People with depression and anxiety have an increased risk of temporomandibular pain upon palpation, German researchers have found. Despite the ongoing debate about the role of psychological disorder symptoms as risk factors for temporomandibular joint (TMJ) pain, large-scale studies prior to this study had not been conducted.

Temporomandibular joint dysfunction syndrome (TMD) is an umbrella term for a range of craniofacial problems with a multi-faceted aetiology. Tooth grinding, facial clenching and genetic factors may initiate TMD and bio-behavioural studies have suggested an association between TMJ pain and depression, anxiety and post-traumatic stress disorder.

In the German study, the research team sought to estimate the relative risk of TMJ pain owing to depressive symptoms and anxiety over five years. More than 4,000 subjects participated and underwent medical examination, oral health assessment and a health-check interview, and completed a psychiatric risk factor questionnaire. TMJ pain was assessed in an oral health examination according to guidelines from the American Academy of Orofacial Pain.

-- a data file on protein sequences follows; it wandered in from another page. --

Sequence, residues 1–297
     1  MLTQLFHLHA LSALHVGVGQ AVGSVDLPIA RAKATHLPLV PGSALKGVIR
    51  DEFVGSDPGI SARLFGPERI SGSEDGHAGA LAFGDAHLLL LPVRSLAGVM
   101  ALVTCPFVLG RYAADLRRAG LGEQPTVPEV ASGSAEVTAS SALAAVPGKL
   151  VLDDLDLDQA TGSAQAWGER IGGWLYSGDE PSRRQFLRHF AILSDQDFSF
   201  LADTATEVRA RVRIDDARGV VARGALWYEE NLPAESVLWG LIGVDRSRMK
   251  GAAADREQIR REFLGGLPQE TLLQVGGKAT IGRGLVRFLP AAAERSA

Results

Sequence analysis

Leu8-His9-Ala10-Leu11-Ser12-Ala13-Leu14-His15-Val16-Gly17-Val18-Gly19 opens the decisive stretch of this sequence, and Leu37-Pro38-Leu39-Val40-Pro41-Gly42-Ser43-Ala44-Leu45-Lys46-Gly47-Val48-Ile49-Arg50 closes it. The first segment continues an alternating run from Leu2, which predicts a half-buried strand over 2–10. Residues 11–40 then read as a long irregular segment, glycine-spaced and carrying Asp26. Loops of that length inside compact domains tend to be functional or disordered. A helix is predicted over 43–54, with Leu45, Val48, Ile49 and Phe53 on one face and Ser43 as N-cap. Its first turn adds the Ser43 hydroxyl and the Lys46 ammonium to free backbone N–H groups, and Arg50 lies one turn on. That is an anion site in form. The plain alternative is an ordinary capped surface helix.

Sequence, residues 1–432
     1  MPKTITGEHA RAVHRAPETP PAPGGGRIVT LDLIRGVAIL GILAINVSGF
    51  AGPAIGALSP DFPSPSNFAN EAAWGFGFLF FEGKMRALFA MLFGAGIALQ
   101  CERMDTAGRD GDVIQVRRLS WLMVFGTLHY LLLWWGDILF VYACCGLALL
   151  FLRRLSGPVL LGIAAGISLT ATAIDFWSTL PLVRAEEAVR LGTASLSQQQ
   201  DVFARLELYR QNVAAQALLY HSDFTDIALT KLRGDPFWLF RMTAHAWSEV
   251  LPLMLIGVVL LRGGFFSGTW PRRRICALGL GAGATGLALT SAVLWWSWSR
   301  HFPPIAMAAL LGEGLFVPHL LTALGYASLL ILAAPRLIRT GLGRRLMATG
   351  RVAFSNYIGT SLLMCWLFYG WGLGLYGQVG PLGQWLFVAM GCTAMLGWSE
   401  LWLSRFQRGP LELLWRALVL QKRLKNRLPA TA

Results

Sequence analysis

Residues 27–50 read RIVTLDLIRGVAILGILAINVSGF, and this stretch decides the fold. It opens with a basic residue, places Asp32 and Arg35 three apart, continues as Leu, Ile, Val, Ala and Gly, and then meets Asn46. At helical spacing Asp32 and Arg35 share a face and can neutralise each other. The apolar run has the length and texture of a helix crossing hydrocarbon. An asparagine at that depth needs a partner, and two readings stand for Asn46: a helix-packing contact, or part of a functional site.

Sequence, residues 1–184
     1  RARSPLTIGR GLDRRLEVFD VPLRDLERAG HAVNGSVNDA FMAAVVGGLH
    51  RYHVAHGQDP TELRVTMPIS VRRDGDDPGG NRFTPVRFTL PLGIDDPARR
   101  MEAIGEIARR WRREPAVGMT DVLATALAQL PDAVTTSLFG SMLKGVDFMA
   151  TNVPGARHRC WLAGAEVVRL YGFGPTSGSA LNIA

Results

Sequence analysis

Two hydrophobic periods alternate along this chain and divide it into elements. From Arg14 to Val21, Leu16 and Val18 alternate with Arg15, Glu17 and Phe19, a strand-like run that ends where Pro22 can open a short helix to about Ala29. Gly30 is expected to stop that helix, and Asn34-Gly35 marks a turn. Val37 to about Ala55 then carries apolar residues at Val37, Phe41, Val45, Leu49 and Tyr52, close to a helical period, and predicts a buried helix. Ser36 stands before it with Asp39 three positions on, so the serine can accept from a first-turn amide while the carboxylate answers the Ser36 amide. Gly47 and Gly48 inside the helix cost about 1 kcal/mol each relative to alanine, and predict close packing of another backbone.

The investigators found that depressive symptoms were more strongly associated with joint pain than muscle pain, and that anxiety symptoms were linked to muscle pain. The authors stated that depressive and anxiety symptoms may initiate muscular hyperactivity followed by muscle abnormality and altered muscle mechanics, which can produce inflammation and cause muscle pain. They also suggested that TMD might be related to abnormal pain stimuli processing caused by imbalances in serotonin and catecholamines (neurotransmitters). Thus, TMJ pain might be a physical manifestation of anxiety or depression.

In support of previous published research, the authors concluded there is a strong to moderate relationship between symptoms of depression or anxiety and signs of TMD.

The study, titled “Depressive and anxiety symptoms as risk factors for temporomandibular joint pain: A prospective cohort study in the general population”, was published in the December issue of the Journal of Pain.

Original Source: The Dental Tribune.com